How will you respond?
Another busy month and we are that much closer to spring! Yahoo! Being from Minnesota, by February, I am ready for a change in season!
I had the opportunity to share our story with a few groups that included future nurses, business men and women at our alma mater’s alumni breakfast, and moms from my MOPs group that were ready and willing to serve others. Besides the mission of Jack’s Basket, I explained in each of those talks that Jack is like your typical toddler…throws food on the floor to feed the dog, doesn’t like his veggies, and wrestles with his brother. Along with other unique things including that his therapists have become like family to us, he gets more attention when out and about than any of us, and he works twice as hard at things that many of us take for granted. I pointed out that the reality of our journey is that our unexpected news came at birth with a diagnosis of Down syndrome…but many of you have also received or will receive unexpected news. How will you respond? What sustains you, guides you, and carries you through these times?
I recently read in one of my devotionals, Heart of my Heart by Kristin Armstrong:
I urge you to live a life worthy of the calling you have received. Be completely humble and gentle; be patient, bearing with one another in love. Make every effort to keep the unity of the Spirit through the bond of peace.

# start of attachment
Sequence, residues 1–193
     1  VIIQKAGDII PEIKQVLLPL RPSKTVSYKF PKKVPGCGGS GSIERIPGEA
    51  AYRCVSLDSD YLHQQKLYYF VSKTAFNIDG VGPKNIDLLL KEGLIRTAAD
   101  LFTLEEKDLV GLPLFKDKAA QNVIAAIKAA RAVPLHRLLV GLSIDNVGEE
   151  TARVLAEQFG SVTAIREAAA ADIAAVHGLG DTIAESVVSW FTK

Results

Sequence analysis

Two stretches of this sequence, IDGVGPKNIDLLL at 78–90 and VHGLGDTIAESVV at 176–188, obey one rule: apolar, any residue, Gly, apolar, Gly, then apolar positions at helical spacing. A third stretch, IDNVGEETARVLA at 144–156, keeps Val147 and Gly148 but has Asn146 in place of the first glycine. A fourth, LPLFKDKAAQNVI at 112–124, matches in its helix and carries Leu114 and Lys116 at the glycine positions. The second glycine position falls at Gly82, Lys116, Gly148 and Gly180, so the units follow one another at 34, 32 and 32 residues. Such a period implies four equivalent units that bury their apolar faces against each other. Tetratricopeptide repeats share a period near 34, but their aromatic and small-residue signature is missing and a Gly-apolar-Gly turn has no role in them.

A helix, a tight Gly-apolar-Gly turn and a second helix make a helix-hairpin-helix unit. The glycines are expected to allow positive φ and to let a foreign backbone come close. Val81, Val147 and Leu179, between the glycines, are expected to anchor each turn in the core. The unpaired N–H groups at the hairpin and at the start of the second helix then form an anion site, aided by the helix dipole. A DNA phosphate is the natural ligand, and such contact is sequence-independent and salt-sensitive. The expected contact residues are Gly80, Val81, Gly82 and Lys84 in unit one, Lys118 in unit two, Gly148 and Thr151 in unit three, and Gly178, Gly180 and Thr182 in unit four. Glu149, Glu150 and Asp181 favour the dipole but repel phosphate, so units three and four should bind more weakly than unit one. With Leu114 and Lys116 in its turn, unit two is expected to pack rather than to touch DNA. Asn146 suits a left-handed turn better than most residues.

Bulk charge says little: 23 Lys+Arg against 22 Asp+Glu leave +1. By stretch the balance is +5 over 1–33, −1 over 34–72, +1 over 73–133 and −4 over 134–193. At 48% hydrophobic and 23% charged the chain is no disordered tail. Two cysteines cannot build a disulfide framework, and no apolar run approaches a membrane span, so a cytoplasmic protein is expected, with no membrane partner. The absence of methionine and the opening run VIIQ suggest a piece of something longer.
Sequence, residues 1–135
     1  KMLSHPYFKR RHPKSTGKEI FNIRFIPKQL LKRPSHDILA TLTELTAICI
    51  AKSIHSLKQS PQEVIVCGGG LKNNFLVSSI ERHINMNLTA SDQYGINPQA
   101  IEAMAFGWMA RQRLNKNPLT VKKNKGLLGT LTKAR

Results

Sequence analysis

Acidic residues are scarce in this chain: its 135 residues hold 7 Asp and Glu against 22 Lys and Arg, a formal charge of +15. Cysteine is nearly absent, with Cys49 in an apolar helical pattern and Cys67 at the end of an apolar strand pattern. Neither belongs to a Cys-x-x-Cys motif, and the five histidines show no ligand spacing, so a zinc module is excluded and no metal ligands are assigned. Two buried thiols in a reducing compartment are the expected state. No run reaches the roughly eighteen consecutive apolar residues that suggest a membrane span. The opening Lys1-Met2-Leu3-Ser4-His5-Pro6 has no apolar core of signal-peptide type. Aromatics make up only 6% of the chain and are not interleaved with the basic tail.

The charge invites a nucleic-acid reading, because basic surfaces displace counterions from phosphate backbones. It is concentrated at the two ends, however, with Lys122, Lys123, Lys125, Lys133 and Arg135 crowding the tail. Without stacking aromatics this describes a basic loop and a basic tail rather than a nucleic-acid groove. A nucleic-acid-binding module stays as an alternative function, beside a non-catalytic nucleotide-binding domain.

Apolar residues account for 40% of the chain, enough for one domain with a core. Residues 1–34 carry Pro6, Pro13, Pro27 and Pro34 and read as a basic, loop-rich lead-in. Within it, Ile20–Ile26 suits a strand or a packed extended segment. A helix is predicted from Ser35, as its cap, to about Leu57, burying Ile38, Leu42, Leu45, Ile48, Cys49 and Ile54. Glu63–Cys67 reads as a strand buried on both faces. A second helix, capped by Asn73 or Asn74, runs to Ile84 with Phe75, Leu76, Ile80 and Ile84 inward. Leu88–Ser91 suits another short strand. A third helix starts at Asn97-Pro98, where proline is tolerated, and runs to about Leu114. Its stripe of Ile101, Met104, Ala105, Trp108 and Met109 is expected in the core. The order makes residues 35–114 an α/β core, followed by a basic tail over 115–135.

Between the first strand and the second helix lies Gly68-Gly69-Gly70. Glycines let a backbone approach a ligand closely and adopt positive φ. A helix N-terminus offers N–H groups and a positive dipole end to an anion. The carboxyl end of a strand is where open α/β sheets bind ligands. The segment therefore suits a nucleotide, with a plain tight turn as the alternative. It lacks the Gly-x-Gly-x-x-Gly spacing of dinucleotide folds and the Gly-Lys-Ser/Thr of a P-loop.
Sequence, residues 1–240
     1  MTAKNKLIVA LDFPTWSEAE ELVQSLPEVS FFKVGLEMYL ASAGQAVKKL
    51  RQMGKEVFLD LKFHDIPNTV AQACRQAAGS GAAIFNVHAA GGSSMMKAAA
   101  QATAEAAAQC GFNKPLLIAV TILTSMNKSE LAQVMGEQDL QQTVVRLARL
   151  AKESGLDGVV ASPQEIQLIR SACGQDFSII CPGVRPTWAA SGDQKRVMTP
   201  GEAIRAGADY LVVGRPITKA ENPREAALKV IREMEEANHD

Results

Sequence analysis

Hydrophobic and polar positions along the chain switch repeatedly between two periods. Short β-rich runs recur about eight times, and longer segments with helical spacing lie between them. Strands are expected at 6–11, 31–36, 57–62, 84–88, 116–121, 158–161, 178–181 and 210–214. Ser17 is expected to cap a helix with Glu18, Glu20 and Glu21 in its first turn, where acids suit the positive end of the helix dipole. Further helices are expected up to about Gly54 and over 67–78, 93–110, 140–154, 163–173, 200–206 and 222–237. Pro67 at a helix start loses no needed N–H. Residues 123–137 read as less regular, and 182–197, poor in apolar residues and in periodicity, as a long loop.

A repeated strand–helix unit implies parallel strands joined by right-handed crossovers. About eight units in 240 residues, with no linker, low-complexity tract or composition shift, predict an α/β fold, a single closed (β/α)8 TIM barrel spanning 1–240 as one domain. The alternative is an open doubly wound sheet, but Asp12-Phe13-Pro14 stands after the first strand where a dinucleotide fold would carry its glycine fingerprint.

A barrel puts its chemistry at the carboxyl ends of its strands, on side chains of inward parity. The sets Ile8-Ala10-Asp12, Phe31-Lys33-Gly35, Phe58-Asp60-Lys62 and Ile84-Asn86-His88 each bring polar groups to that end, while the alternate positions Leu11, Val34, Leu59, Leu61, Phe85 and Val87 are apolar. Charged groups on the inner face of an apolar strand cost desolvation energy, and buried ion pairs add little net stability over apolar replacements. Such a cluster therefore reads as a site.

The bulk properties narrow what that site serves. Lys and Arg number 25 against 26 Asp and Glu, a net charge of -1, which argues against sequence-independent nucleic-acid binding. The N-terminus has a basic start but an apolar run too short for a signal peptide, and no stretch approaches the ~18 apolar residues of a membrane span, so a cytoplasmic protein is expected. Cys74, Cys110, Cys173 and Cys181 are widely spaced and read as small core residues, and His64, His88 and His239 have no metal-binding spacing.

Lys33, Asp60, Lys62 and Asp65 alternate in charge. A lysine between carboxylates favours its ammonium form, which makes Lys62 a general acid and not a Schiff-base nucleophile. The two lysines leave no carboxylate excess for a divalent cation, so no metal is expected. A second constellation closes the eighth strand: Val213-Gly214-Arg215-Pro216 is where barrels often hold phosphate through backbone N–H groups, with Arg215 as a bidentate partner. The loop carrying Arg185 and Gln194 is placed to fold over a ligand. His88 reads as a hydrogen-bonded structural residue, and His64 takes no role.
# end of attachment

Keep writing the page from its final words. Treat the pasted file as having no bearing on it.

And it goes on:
Living a life worthy of the calling that you have received.
Living a life of purpose.
We had a choice when we got Jack’s diagnosis. Would we be stuck on what we wanted with our lives, or surrender our plan to what God wanted for us. Would we miss out on all the things He would teach us (challenging and joyful times) through this extra special chromosome or refuse to grow? What story did we want to tell? How many times we take the reins and refuse to see the beauty in trial. The beauty in struggle.
So we continue to pray for the blessings. We pray for the easy life. But what if we are missing so much of life when we pray for what is comfortable? When have we learned the most? In the easy moments?
Every day my newsfeed is filled with articles of people that are commended for their brave decision to terminate their child with Down syndrome. Specifically the one I read today talked about a women’s reaction to finding out the gender of her child and that the baby did indeed have Down syndrome.
“Only then, after I’d gotten to know my baby as well as I possibly could, did I feel I was ready to make the hardest decision of my life — terminate the pregnancy. And I would make it as a mother who wanted to do the best for her child.“
As she states in the article that after all her and her husband are very healthy vegans, she mediates semi-regularly, and that they tried very hard for years to get pregnant…as if this is all very important information and makes this diagnosis and decision that much easier or harder because clearly a life is not a life unless it’s perfect according to certain standards. So glad she added she is doing what is best for her child.